Thank you to our guest blogger Roger (his wife Frances is my favorite teacher of all time) for his perspicacity regarding 1 John's peculiar mixture of love and demonizing.

Much demonizing indeed goes on among Christians, such as the demonizing of people who have the opposite view regarding controversial issues.

Some of my students were complaining about Christians they have encountered who have been very judgmental and condemning. We are to respond to such hostility not in kind but in kindness, with love. Being honest, even critical, can still be loving. Many of us know this truth on some level but struggle to adhere to it.

I hope others will share their thoughts.

Yours in Christ,

David von Schlichten, Lectionary Blog Moderator 





GoodPreacher Award Winner Is....
2009-05-01 by David Howell

Scott Cowdell

Associate Professor, School of Theology,  Charles Sturt University

Research Fellow in Public and Contextual Theology

Canon Theologian, Diocese of Canberra & Goulburn

 

He will receive a complimentary registration to the Festival of Homiletics, a free room, and $200.00 in expense money for the Festival!






Little 1 John's Big Irony
2009-04-27 by Roger Gench

The real irony of the little Epistle of 1 John is that it contains the most eloquent expressions about love in the entirety of the New Testament, and yet the author demonizes his or her opponents more than any letter in bible.  Our lesson of May 3 contains the following exhortations from 1 John 3: “And this is his commandment, that we should believe in the name of his Son Jesus Christ and love one another, just as he has commanded us.  All who obey his commandments abide in him, and he abides in them. And by this we know that he abides in us, by the Spirit that he has given us.”  In this passage, the essence of the Christian life is defined by the twofold commandment to believe in Jesus Christ and to love one another. Yet, in the passage that immediately proceeds this lesson the children of God are contrasted to the children of the devil, and in the passage that follows, 1 John names the presumed opponents of God as the “antichrist.”   What is troubling about this kind of language is that the people to whom it was address were likely fellow Christians who held different opinions. In other words, in this most articulate expression of love there is demonizing language about fellow Christians.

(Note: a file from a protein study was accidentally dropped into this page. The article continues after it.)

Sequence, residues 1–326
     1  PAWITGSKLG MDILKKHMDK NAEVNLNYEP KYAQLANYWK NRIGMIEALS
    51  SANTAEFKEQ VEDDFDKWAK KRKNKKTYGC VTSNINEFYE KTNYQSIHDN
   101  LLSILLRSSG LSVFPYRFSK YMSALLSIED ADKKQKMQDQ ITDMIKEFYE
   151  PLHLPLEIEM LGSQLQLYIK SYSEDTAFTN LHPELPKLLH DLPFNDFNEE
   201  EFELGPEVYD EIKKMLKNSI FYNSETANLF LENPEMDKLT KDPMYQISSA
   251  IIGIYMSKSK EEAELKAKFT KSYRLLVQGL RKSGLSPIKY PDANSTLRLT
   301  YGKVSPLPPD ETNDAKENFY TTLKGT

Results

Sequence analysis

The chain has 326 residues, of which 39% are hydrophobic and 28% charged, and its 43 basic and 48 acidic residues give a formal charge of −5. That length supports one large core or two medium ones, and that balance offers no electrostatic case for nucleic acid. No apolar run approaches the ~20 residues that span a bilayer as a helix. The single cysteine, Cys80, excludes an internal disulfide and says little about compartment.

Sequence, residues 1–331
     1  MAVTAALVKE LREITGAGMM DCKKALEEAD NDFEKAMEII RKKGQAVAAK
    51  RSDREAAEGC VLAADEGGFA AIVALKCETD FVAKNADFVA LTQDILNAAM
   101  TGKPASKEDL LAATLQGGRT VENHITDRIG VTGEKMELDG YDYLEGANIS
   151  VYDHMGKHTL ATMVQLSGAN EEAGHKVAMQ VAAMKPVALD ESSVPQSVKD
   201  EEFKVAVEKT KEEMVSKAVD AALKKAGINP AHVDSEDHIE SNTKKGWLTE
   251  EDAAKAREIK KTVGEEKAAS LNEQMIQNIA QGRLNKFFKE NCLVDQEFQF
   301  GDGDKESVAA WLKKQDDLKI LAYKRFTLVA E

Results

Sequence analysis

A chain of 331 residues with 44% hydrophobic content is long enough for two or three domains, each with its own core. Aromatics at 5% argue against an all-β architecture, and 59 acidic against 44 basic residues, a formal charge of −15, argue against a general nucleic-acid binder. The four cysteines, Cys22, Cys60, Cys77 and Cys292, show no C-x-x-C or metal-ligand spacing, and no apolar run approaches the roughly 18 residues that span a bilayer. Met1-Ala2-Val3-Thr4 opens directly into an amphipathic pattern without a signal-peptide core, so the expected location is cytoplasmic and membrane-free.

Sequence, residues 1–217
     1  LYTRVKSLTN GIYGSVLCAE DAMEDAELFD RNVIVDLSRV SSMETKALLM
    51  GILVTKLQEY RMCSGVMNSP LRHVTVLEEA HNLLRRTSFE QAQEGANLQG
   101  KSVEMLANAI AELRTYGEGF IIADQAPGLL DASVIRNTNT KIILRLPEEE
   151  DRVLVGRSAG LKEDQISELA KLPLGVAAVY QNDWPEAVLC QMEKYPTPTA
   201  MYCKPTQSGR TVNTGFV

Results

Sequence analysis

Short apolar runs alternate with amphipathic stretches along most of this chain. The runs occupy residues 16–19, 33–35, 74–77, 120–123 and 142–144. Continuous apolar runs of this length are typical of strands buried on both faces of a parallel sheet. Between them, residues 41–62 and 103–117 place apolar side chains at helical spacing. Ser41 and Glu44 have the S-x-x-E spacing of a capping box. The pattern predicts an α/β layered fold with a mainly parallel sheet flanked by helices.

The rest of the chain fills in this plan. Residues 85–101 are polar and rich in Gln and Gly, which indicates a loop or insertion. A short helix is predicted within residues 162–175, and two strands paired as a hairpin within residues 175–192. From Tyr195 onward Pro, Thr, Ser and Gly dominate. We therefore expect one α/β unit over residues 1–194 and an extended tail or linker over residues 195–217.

So what do we do with this irony?  Well, I think we can learn from both the dangers and the promise of this letter.  The danger is that we might demonize our Christian brothers and sisters to the point that we don’t feel the need to listen to them.  The promise of the letter is that truth counts and, to be sure, we must distinguish truth from falsehood (there is, in fact, serious evil in the world and some of it is done by Christians!), but way in which we counter falsehood is in how we live.   The commandment in our lesson from 1 John is to believe the crucified and risen Christ and to love one another. And love for John is not something we feel but something we do.  Some may offer the protest that you can’t make a commandment out of love. But love is not a feeling it’s an action. The wisdom of 1 John is that when we act for the good of other, our feelings will catch up with our acts. Maundy Thursday observance ought to remind us that loving acts, like foot washing, are the key to Christian community.  
 
Roger J. Gench
The New York Avenue Presbyterian Church
Washington, DC